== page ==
Street artist ECB is introducing you to the trades of Morocco by painting the faces of current practitioners who he has met on the street. By now we are familiar with the storytelling role that artists can fulfill with their portraits of individuals who live in a region, town, or neighborhood and street artists, such as the Parisian C215, Canadian Fauxreel and the American Midwesterner Jetsonorama come to mind as well as more recent Brooklyn social activists like LMNOPI and Tatiana Fazlilazadeh.
We have been introducing and recounting street art stories for a number of years now online and in front of audiences, and we find that it never fails to surprise people who learn that many of the images they see on the street are of actual people who live in their community.
Hendrik ECB Beikirch. "Trades" Portrait of Oulad-Bouzid-III, a street barber. The streets of Brooklyn. (photo © Jaime Rojo)
German street artist Hendrik Beikirch, a.k.a. ECB, has been known on the scene in recent years for his massive portraits of people, sometimes subjects known to the artist and other times from his imagination. For his new project in Morroco, ECB returns to a social/anthropological ethos -- a route he says has energized his work by focusing on occupations and trades of his subjects. In doing so, he hopes to preserve something more about their professions and culture -- street barbers, shepherds, even the guy who writes a letter for you.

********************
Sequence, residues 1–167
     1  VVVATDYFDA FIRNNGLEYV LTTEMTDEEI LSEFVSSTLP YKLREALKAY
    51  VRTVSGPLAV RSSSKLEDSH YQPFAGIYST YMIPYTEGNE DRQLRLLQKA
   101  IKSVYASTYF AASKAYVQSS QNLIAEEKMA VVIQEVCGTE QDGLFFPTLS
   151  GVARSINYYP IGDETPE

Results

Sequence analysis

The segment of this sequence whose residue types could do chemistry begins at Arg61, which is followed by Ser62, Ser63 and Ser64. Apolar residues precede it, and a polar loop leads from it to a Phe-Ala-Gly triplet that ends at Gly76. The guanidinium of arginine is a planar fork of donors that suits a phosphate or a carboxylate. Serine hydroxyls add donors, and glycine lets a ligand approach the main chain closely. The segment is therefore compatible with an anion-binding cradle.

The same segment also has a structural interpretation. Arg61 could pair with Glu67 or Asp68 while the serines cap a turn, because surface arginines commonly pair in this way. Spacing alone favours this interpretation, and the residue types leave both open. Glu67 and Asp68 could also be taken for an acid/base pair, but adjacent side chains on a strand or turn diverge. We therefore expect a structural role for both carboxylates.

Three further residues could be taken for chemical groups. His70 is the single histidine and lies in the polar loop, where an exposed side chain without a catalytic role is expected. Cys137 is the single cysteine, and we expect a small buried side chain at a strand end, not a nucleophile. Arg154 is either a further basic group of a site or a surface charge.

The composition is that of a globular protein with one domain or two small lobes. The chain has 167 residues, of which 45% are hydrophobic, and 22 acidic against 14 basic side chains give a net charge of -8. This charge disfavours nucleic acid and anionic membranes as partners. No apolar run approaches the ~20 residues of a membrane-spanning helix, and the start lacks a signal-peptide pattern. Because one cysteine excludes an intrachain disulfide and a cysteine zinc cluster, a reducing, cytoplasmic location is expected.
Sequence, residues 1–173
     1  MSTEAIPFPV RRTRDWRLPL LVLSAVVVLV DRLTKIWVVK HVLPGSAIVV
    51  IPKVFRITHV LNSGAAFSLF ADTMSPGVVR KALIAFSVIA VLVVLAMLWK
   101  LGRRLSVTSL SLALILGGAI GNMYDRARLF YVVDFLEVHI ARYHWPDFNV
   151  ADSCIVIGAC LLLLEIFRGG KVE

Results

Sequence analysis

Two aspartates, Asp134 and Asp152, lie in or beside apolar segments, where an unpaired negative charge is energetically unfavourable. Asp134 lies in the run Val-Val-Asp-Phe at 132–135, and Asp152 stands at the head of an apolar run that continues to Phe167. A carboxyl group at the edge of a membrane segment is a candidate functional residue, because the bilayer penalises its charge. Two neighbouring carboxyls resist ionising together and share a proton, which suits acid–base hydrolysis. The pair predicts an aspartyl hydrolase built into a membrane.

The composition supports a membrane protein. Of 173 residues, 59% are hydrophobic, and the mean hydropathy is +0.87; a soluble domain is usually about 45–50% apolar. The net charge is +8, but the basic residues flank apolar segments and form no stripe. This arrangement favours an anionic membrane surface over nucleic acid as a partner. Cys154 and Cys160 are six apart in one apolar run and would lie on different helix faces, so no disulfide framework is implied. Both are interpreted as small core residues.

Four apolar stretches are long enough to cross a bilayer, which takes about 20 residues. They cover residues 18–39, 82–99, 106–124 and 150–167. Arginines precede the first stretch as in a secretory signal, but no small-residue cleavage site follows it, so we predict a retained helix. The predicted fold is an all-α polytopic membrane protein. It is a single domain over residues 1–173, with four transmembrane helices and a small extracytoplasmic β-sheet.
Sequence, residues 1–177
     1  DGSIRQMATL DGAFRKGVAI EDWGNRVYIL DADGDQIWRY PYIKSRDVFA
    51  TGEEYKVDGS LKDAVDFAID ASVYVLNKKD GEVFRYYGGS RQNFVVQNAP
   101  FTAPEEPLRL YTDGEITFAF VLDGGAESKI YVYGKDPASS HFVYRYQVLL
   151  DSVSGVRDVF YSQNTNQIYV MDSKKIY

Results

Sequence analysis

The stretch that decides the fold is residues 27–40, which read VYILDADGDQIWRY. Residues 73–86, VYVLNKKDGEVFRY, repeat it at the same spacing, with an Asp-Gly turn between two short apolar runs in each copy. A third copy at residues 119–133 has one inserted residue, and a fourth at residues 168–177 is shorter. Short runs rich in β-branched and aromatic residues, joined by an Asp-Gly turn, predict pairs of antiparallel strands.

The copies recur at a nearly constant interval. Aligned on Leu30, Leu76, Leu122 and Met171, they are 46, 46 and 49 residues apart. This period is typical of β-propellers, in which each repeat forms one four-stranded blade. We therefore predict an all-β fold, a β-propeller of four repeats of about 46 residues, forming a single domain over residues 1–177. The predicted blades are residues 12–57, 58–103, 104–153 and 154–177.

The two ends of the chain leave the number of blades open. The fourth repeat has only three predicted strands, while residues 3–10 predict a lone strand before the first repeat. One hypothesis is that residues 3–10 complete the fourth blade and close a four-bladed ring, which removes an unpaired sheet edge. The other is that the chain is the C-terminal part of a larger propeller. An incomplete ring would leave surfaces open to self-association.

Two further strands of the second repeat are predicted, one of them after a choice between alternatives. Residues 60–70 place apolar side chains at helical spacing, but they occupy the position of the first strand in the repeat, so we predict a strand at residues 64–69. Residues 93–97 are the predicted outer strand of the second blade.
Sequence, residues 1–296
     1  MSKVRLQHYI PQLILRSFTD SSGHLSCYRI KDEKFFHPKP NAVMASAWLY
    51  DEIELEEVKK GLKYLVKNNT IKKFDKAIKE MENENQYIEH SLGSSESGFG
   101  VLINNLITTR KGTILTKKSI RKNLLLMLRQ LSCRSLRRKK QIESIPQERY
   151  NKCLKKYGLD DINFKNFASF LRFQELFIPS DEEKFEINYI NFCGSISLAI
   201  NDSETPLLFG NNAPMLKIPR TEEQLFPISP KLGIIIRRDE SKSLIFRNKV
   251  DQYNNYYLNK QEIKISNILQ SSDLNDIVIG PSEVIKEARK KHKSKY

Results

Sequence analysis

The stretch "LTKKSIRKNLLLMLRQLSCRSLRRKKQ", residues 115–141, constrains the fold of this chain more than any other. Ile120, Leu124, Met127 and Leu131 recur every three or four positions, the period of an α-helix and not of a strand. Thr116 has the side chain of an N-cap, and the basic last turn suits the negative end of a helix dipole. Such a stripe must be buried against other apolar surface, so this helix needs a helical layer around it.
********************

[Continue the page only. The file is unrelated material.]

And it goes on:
"I am seeking to capture their 'aura' in this work series," he tells us, "with the goal of making these people immortal in the process." Calling his series "Trades -- Tracing Morocco," he explains that he has made the trip 10 times or more from his home in Koblenz, Germany, to this one in the Maghreb region of North Africa to meet locals and speak with them. As he captures their image and shares it on streets he says he hopes to preserve and elevate the stories of a people in trades that are disappearing.
"I want to transform people from the anonymous to the iconic, while paying tribute to trades that might be gone in the near future."
During his initial visit to Jardin Rouge/Marrakech in the summer of 2014, he "was immediately fascinated by the diversity of this country, its rich history and the contrasts in peoples faces that are somehow created by the environment they live in."
Supported by the Foundation Montresso/Jardin Rouge, Hendrik says that he strives to impart a humanity of the people he has met that passersby can connect to through his paintings. "It is a country with hard working people, many of whom are living a tough life, but with so much pride and happiness."
Right now, ECB is working on creating an exhibition in October with the foundation and he will be publishing a book focusing on the "Trades" series on Éditions Eyrolles.
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